Thanks to a friend and professional colleague, a link to a Harvard Business Review article showed up on my LinkedIn feed today. It is an old article, but I still enjoyed it. Here’s an excerpt:
What do great managers actually do?
In my research, beginning with a survey of 80,000 managers conducted by the Gallup Organization and continuing during the past two years with in-depth studies of a few top performers, I’ve found that while there are as many styles of management as there are managers, there is one quality that sets truly great managers apart from the rest: They discover what is unique about each person and then capitalize on it. Average managers play checkers, while great managers play chess. The difference? In checkers, all the pieces are uniform and move in the same way; they are interchangeable. You need to plan and coordinate their movements, certainly, but they all move at the same pace, on parallel paths. In chess, each type of piece moves in a different way, and you can’t play if you don’t know how each piece moves. More important, you won’t win if you don’t think carefully about how you move the pieces. Great managers know and value the unique abilities and even the eccentricities of their employees, and they learn how best to integrate them into a coordinated plan of attack. (https://hbr.org/2005/03/what-great-managers-do)
The article took me back to something I’ve often talked about in my leadership development sessions – what makes someone a great leader?
At one company, as part of their mid-level managers’ leadership development program, all participants completed the Campbell Leadership Descriptor. Briefly, the Campbell Leadership Descriptor is a survey that asks the person completing it to think about the leader he/she most admires, the leader he/she thinks is a poor leader, and themselves. They evaluate all three people on the following characteristics: Vision, Management, Empowerment, Diplomacy, Feedback, Entrepreneurialism, Personal Style, Personal Energy, and Multicultural Awareness. I’ve done different iterations of this activity, using the Campbell Leadership Descriptor or using questions to have participants reflect on current and past leaders.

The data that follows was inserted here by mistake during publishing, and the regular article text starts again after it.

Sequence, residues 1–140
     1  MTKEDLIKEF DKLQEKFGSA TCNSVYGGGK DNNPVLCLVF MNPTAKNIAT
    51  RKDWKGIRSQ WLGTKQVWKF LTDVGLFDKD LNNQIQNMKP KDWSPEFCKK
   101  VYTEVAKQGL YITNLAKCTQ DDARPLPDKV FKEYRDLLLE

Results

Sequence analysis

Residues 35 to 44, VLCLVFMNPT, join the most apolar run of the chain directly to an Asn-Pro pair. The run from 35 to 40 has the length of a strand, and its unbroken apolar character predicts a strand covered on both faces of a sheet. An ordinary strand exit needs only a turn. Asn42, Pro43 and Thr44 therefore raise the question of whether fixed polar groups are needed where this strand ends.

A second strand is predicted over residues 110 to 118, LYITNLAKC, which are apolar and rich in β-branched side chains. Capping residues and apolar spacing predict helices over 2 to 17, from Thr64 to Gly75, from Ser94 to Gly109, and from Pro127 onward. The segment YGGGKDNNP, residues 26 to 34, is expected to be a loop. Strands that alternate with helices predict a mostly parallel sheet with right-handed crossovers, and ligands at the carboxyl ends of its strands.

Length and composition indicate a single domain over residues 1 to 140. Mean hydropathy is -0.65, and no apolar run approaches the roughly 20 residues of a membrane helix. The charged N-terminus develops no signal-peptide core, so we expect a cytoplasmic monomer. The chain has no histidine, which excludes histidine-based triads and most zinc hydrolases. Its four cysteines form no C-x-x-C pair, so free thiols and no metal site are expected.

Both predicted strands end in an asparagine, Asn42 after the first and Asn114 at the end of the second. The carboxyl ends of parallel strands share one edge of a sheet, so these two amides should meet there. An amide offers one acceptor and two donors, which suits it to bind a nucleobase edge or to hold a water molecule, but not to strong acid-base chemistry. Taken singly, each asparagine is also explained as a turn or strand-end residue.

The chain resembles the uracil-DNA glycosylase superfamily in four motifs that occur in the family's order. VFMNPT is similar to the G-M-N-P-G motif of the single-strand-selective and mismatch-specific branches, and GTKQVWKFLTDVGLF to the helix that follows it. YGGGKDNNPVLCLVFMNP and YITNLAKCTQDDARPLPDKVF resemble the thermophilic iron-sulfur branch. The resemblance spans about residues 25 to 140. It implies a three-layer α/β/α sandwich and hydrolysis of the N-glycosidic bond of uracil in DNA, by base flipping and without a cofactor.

What has been interesting to me, no matter where in the world this conversation has happened, is that people admire different things in a leader. For me empowerment is a deal-breaker characteristic. The leaders I’ve admired and enjoyed working for believed in empowering me. The leaders that I’ve disliked working for or thought of as poor leaders were micro-managers. I’m not alone in these feelings, but I’ve learned through facilitating sessions around this topic that some people’s deal-breakers are different than mine.
As leaders this is something we need to be aware of – our employees are different, and they want different things from us as leaders. As Marcus Buckingham says, we have to discover what is unique about each of our employees. And, we have to manage them based on their uniqueness, yet still be fair and consistent.
So, my questions to you are:
Do you know what characteristics in a leader are important to you?
Do you know what characteristics in a leader are important to each person who works for you?
Are you leading with the answer to the second question in mind? Or are you leading the way you want to be led?
If you’d like to discuss your answers to those three questions or if you need help with questions two and three, contact me.